Castle Gate Library Shrewsbury Shropshire UK by Arena Photo UK ShutterstockShrewsbury Library used to be the Shrewsbury School from 1580 to 1882 and Darwin is still its most famous alumnus © Arena Photo UK, Shutterstock

Shrewsbury is at the physical heart of the county and, for many, is where Shropshire’s emotional heart beats, too.

High the vanes of Shrewsbury gleam
Islanded in Severn stream;
The bridges from the steepled crest
Cross the water east and west.

A E Housman, from ‘The Welsh Marches’, A Shropshire Lad (1896)

With a few deft pen strokes, Housman painted Shrewsbury in a poem. Shropshire’s handsome county town is indeed almost islanded by the River Severn – a sweeping loop of water whose one-time virtue as a defence is often overshadowed now by its potential to invite floods. The ‘steepled crest’ comprises the spires of the churches of St Mary, St Alkmund and St Chad, while road, foot and rail bridges give us easier access to the water-encircled town.

To go beyond Housman’s poetic sketch, there is much more to love about Shrewsbury: black-and-white Tudor mansions; a noble riverside park; medieval ‘shuts’ (or short cuts) and passageways which enable us to disappear temporarily into a bygone time and reappear on a different street.

Shrewsbury, Shropshire © Arena Photo UK, ShutterstockShrewsbury is Shropshire’s genteel county town and Darwin’s birthplace © Arena Photo UK, Shutterstock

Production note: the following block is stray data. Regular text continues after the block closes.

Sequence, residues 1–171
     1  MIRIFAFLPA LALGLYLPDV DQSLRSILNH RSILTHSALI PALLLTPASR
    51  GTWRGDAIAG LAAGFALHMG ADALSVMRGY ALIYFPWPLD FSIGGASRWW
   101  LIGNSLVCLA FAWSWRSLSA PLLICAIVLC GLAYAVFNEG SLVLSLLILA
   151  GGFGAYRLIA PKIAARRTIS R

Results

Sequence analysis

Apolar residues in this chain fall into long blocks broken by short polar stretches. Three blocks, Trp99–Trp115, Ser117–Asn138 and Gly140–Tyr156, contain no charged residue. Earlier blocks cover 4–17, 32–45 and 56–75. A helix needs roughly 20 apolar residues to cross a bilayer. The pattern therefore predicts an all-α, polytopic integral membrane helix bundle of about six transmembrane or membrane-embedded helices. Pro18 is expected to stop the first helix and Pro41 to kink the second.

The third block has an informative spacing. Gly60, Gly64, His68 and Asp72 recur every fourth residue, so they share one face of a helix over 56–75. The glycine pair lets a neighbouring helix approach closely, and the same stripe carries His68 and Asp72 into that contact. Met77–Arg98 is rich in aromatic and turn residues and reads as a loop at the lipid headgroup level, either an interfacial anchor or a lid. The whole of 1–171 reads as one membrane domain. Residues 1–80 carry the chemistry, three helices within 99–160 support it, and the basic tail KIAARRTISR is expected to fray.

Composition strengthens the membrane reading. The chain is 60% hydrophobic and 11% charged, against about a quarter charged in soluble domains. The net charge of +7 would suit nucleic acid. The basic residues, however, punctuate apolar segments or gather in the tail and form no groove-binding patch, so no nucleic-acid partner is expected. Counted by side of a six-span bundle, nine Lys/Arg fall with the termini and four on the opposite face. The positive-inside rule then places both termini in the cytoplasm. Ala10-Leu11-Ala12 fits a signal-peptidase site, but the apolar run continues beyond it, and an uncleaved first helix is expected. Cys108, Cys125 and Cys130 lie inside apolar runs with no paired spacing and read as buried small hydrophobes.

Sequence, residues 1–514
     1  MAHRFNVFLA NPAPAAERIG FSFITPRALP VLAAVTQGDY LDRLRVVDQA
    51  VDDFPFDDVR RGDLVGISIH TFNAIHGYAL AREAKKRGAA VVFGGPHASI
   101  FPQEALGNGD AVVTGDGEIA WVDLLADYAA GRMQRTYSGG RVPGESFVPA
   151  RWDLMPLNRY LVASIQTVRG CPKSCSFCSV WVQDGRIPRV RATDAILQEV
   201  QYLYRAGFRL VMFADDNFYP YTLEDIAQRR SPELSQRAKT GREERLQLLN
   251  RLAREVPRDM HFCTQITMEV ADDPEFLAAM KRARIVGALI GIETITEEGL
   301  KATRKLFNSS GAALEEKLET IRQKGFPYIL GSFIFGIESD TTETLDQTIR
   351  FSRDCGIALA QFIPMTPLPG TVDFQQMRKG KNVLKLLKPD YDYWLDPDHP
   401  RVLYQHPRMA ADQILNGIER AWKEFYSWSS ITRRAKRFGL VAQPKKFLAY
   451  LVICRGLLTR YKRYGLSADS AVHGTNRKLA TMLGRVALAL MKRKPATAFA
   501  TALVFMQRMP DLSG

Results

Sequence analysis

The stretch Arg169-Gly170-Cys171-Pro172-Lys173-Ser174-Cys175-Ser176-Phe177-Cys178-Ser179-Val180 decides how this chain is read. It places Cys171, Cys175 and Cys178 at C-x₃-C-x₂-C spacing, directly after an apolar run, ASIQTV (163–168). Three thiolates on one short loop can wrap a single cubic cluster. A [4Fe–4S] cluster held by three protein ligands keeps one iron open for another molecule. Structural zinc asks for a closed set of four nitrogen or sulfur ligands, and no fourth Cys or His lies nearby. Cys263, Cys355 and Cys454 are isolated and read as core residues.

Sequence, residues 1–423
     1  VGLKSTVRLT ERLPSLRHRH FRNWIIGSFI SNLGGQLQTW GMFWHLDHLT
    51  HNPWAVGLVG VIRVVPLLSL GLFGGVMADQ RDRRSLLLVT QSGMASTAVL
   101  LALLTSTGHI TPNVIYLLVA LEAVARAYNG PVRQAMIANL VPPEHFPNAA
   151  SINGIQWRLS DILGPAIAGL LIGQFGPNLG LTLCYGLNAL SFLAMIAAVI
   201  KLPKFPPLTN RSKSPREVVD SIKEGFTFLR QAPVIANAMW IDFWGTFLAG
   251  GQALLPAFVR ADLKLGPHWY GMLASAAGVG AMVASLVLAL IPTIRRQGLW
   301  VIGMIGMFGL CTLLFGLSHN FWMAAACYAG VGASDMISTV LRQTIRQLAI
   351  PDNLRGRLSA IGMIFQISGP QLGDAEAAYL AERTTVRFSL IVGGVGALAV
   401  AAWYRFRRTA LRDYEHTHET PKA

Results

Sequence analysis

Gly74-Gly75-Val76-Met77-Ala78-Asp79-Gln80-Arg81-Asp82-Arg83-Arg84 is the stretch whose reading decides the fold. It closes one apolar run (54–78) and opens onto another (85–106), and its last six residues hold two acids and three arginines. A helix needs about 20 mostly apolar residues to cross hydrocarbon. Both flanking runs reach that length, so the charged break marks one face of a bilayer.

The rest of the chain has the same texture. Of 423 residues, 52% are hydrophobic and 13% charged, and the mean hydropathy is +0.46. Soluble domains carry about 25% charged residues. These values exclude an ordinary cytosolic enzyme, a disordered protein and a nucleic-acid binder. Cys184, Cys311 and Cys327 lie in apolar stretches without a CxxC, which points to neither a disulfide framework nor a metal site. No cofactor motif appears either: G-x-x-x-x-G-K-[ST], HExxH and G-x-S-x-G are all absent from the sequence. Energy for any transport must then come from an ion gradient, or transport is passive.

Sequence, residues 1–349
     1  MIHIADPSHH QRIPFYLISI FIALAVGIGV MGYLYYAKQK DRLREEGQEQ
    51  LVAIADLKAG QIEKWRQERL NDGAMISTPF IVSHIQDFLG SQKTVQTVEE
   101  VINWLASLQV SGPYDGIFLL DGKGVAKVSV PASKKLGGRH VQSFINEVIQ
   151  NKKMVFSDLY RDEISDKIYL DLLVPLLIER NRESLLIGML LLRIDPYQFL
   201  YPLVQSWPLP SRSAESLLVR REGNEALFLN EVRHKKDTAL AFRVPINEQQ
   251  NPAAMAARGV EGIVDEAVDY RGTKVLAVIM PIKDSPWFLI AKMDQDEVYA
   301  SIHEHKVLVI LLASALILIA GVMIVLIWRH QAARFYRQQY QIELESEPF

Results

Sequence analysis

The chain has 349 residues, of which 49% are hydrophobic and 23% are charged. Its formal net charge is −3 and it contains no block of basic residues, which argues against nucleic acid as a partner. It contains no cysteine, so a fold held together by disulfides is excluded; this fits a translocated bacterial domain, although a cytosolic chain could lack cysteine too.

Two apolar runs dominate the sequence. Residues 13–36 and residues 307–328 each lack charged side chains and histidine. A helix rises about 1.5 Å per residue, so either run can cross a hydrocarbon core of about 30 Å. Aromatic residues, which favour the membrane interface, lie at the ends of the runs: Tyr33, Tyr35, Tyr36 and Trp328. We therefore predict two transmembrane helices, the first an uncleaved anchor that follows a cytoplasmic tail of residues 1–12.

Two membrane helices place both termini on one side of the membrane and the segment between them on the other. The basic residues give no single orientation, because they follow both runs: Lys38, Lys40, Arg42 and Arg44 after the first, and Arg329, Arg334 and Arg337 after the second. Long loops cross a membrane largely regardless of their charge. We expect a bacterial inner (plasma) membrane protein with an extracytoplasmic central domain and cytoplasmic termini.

As with all old towns and cities, a closer inspection of Shrewsbury will reward the curious-minded. You’ll find street names describing what was once sold there (Butcher Row, Milk Street… and don’t think too hard about the dark and narrow Grope Lane).

In the half-timbered shopfronts on High Street you’ll see carvings recalling the Tudor tradition of depicting faces of controversial characters in wood. Mick Jagger, Michael Heseltine and Margaret Thatcher are all here. And if you peep inside the Shrewsbury branch of sandwich chain Pret A Manger on Pride Hill, you’ll see a wall incorporating the 13th-century remains of Bennetts Hall, believed to have been a merchant’s house.

Despite this palpable sense of the past, Shrewsbury is alive with the here and now. A steady spring of smart new bars, independent restaurants and innovative shops makes me excited about every visit. In recent years I’ve especially loved seeing once-faded and flood-blighted Frankwell, Shrewsbury’s ‘little borough’ just northwest of the centre, get its swagger back. To read more about the district’s emerging identity, see

Getting there and away

It’s easy to reach Shrewsbury by train, with five main lines meeting here. Built in 1848 in imitation Tudor style, to serve the county’s first railway (the Shrewsbury to Chester line), Shrewsbury station looks to me like a squat castle. A plaque on Platform 3 is testament to the power of Slow travel: it commemorates Arwel Hughes OBE who, in 1938, composed the Welsh hymn ‘Tyddi a roddaist’ ‘(Thou Gavest’) while waiting for a connecting service.

Parking spaces are neither plentiful nor cheap in Shrewsbury (although you may get a Sunday bargain). If you have to drive, the longstay car park at Frankwell is a good bet (SY3 8HQ). You’ll need to cross Frankwell footbridge to reach the town centre. An even better bet might be one of the three park and ride sites, at Harlescott (SY1 4AB), Meole Brace (SY3 9NB) or Oxon (SY3 5AD), operating Monday to Saturday with cheap fares and the last bus leaving the town centre at 18.30. Cycle parking is available at the latter two.

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